As Roles Evolve, Oncology Nurses Share Passion for Care and Education


Barbara Reville, DNP, NP, Dany Hilaire, PhD, RN, and Meghan L. Underhill, RN, MS.

Dany Hilaire, PhD, RN, will never forget the day she decided to become a nurse. It was one of the saddest of her life.

Her father had just died, and his nurses now turned their attention to Hilaire, her mother, and her siblings. “I remember one of them giving me the tightest hug and telling me it was going to be OK,” recalls Hilaire, Dana-Farber Inpatient Hospital nurse director. “I could see the compassion in her eyes, and I felt so safe. In that moment, I realized I wanted to become a nurse and bring that same comfort to individuals one day.”

Now Hilaire is doing just that for patients and their families. In honor of National Nurses Week May 6-12, she and fellow Dana-Farber nurses Barbara Reville, DNP, NP; Meghan Underhill, PhD, RN; and Kristie Weeks, RN, OCN, are sharing what drew them to the field of oncology nursing and what aspects of their jobs brings them the most satisfaction.

Weeks, program nurse at Dana-Farber/New Hampshire Oncology-Hematology in Londonderry, New Hampshire, enjoys caring for as well as educating her patients – a dual role she often serves while monitoring individuals who are taking oral chemotherapy.

“My favorite part of my job is when I see a patient smile when I have been able to get the medication they need,” says Weeks. “I enjoy navigating and encouraging patients while on their complex journey of cancer.”

Through advances like oral chemotherapy and precision medicine, that journey is always evolving. Underhill, in her role with the Phyllis F. Cantor Center for Research in Nursing and Patient Care Services, thrives on conducting research in cancer genetics and sharing her findings with nursing colleagues and patients living with hereditary cancer risk.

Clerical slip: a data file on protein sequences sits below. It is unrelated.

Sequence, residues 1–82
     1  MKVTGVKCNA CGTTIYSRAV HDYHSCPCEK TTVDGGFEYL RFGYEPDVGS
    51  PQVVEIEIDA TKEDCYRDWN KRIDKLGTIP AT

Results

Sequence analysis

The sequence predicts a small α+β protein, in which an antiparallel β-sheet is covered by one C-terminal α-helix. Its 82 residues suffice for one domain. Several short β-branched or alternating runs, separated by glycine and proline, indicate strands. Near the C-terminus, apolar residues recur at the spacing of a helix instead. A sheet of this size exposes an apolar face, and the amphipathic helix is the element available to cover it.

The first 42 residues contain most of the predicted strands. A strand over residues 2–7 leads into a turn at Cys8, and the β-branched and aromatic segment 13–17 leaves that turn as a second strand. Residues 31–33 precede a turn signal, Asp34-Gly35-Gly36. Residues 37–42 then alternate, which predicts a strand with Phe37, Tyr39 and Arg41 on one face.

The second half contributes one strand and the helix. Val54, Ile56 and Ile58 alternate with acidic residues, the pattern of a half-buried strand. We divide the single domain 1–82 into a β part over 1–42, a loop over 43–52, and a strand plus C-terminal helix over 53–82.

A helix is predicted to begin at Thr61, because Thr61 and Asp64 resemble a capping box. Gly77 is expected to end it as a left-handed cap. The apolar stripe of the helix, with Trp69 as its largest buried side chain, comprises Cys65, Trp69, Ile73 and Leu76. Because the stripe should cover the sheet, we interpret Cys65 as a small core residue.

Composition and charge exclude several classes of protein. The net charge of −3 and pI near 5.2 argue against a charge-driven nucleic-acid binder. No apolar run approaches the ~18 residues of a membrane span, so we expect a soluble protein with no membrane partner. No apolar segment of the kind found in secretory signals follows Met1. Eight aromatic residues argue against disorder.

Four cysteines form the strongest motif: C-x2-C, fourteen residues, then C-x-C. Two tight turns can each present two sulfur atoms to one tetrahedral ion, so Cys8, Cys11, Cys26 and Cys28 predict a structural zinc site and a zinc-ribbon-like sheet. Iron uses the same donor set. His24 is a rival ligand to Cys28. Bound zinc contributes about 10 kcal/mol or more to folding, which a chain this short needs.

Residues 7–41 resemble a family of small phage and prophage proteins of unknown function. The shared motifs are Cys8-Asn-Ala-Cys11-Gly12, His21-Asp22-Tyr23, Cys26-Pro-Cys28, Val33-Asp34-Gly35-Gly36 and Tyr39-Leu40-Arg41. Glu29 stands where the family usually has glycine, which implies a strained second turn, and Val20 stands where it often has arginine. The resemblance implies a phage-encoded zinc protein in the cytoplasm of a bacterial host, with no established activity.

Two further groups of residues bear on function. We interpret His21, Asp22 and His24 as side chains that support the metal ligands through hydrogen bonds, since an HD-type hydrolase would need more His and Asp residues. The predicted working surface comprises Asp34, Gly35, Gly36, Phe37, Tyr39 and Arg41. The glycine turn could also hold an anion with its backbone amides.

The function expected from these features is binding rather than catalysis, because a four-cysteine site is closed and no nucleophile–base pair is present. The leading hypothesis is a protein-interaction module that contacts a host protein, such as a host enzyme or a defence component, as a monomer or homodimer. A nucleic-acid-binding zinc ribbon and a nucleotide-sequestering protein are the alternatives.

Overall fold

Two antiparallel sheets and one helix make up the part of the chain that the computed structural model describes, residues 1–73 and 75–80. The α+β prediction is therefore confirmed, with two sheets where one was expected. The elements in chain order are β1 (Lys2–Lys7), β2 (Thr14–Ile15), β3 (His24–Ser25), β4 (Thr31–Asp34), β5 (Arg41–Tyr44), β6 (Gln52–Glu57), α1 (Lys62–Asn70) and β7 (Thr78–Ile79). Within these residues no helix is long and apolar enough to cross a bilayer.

Kristie Weeks, RN, OCN.

“The great things done here for patient care and science, and the possibilities for the future, are inspiring,” says Underhill. “I love the people I work with and the mission we all serve.”

Many nurses, including Barbara Reville, DNP, NP, find themselves filling a variety of roles in service to that mission. In her time at Dana-Farber, Reville has been a nurse manager, a research nurse with a breast cancer prevention trial, and helped other nurses pioneer a nurse-run pain and symptom management consultation service – which evolved into the current Adult Palliative Care division. Today, she is on faculty with the Psychosocial Oncology and Palliative Care department, both caring for patients and educating fellow nurses.

“I appreciate working in an environment that values excellence, whether in patient-centered care, multidisciplinary care, or teaching,” Reville says. “I learn every day from colleagues from nursing, pharmacy, social work, chaplaincy, and medicine.”

Asked what they believe makes a great nurse, Reville and her colleagues agreed on many of the same qualities: selflessness, patient advocacy, authenticity, patience, being a good listener, compassion, curiosity, and, when necessary, a good laugh.

“Some days are hard,” says Weeks, “but a sense of humor is a must to keep the previous attributes in balance.”

    Make An Appointment

    For adults: 877-960-1562

    Quick access: Appointments as soon as the next day for new adult patients

    For children: 888-733-4662

    All content in these blogs is provided by independent writers and does not represent the opinions or advice of Dana-Farber Cancer Institute or its partners.

    Latest Tweets

    Dana-Farber @danafarber
    Stop by booth #132 to learn more about our cellular therapy and stem cell transplant programs! #BMTTandem18 #ASBMT
    Dana-Farber @danafarber
    RT @SusanDFCI: Researchers @DanaFarber, led by Irene Ghobrial, MD, are engaged in a study that may eventually help doctors identify individ…
    Dana-Farber @danafarber
    There’s a lot of information on the Internet about cancer and unfortunately, that includes fiction as well as fact.…

    Republish our posts on your blog

    Interested in sharing one of our stories on your blog? Feel free to republish this content! We just ask that you credit Dana-Farber, link to the original article, and refrain from making edits that change the original context. Questions? Email the editors at